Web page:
Participating in mentor relationships is extremely valuable and can open up opportunities for both professional and personal growth.
But what happens when we don’t do the things we said we would do in our previous meeting or the person we are mentoring doesn’t accomplish what he said he would do the previous meeting?
You are faced with a crossroads. If you didn’t accomplish your goal, were you too ambitious with how you would spend your time or did you drop the ball? Can you be honest with yourself to recognize where you messed up?
If the person you are mentoring didn’t accomplish his goals, why did this happen? Do you feel comfortable with applying enough pressure to show that you care but not so much that you turn the person you are mentoring off?
This article covers some helpful tips towards building a mentor relationship that is healthy and productive.
Set expectations upfront
When setting goals in a mentoring relationship, it is extremely important that you both set expectations. If you don’t put on guardrails for tasks not getting accomplished, the relationship has a high likelihood of fizzling out because if there isn’t accountability for the goals set in the relationship, there likely isn’t much accountability for the relationship overall.
It is great to set goals that are months or years away but the problem with this is that it is difficult to assess of you or the person you are mentoring is on the right track. Ideally, once you set a longer term goal, you set goals for you to accomplish between meetings that create a path towards your end goal.
If you don’t accomplish these tasks between your mentor meetings, it is important for you to assess what is realistic and what might be too ambitious.
Challenge with questions not statements
If your mentor or the person you are mentoring doesn’t achieve his goals, it might be tempting to be frustrated. In a mentor relationship, you are investing your energy in seeing this person succeed. If they can’t accomplish the tasks they set for themselves, it can feel depleting or frustrating.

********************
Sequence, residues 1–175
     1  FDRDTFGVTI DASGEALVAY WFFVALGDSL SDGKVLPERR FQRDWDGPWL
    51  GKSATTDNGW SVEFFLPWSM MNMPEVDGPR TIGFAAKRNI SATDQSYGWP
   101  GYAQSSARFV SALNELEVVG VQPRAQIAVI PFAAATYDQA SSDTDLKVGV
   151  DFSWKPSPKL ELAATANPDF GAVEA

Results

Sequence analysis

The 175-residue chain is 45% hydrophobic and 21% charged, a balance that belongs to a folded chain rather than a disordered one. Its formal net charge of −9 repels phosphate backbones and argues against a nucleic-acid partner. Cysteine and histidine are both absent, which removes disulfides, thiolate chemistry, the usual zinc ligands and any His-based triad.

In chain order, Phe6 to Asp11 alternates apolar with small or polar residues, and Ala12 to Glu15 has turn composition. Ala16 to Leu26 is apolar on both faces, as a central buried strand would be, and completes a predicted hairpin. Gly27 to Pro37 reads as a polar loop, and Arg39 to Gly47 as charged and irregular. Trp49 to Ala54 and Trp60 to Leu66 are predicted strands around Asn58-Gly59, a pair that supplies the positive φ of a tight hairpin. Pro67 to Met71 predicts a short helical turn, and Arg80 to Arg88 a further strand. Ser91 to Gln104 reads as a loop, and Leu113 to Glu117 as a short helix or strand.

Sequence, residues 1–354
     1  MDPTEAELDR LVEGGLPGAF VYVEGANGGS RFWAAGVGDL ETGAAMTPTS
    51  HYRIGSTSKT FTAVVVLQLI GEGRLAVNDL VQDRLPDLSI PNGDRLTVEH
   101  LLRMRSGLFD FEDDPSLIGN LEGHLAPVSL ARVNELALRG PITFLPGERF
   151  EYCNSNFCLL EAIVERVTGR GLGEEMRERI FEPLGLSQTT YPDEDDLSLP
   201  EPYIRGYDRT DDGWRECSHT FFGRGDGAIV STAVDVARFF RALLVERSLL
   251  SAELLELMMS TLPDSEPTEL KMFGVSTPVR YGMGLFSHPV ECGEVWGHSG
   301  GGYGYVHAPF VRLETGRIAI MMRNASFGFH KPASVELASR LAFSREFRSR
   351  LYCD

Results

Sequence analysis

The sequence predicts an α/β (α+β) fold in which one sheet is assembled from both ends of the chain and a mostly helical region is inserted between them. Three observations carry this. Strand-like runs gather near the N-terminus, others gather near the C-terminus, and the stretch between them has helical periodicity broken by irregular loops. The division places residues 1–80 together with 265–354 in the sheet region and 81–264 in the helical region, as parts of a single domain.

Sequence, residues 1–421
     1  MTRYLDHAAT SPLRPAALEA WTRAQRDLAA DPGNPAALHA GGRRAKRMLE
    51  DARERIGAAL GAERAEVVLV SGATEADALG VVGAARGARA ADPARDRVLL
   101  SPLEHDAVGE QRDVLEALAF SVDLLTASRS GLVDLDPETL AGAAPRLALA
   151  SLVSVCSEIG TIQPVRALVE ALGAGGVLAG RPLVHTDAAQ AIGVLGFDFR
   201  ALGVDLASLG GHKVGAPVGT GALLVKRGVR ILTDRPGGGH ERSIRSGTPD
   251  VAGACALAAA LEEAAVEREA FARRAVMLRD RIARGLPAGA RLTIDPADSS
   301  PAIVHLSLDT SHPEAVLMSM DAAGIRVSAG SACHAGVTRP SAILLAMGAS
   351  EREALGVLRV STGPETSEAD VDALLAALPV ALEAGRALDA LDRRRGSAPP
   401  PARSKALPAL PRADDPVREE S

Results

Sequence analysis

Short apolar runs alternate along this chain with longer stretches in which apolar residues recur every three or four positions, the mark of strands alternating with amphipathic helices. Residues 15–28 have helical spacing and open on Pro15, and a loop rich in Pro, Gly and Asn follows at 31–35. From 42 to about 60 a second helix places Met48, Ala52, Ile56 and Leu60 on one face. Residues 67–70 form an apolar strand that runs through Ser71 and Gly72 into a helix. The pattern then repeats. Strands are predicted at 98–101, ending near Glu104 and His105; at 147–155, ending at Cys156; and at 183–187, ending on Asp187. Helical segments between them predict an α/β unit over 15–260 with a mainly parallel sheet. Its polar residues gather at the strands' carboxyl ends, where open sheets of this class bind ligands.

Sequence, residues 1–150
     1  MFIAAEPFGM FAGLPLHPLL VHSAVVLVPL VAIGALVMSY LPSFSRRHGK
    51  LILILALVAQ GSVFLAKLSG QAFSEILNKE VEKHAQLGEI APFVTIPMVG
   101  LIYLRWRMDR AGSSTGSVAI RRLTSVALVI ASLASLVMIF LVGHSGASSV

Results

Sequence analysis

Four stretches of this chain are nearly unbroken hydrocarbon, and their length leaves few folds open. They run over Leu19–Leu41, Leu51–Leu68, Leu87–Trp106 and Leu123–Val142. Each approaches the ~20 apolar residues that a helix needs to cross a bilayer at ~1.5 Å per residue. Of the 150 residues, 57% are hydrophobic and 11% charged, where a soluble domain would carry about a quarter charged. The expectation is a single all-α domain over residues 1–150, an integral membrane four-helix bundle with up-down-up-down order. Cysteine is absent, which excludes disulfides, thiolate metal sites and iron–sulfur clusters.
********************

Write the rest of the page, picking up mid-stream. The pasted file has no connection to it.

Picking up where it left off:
The key to properly challenging the person you are mentoring to ask poignant questions that help them come up with solutions. Saying things like “you need to do this...” or “I can’t believe you didn’t get that done…” doesn’t help you and may turn the person you are mentoring away.
Asking questions like “since you weren’t able to accomplish this, is there something you can do this week/month to help you get back on track?” or “do you feel like you can still accomplish your goal even though you missed your task this week?” or “if you aren’t able to achieve your goal, what will be the outcome of that?”
Once the person you are mentoring has answered these types of questions, the number one most important question to ask is:
How can I help you?
This shows empathy and your accountability to them achieving this goal.
Reevaluate the goal for changes
You or the person you are mentoring may determine that the goal set initially is not as important as it once was and that there is a new goal that has taken precedence.
This is completely fine and normal!
The key to properly handling this situation is sharing this information with your mentor. They will support you in this transition because they care about you accomplishing your goals, not that the original goal gets accomplished.
You aren’t letting your mentor down by changing your goal but you are letting your mentor down if you don’t share this new goal with him.
As a mentor, you can ask the question “is this still the most important goal on your plate?” or put another way “what is your biggest concern with the work you are doing right now?” Sometimes it is easier to answer questions about concerns than goals and prioritize them because people are more willing to do things to avoid pain than gain pleasure.
Overall, when it comes to mentor relationships and holding people accountable, it is key to be transparent, create protocols for not accomplishing tasks on the way to a goal, and be empathetic.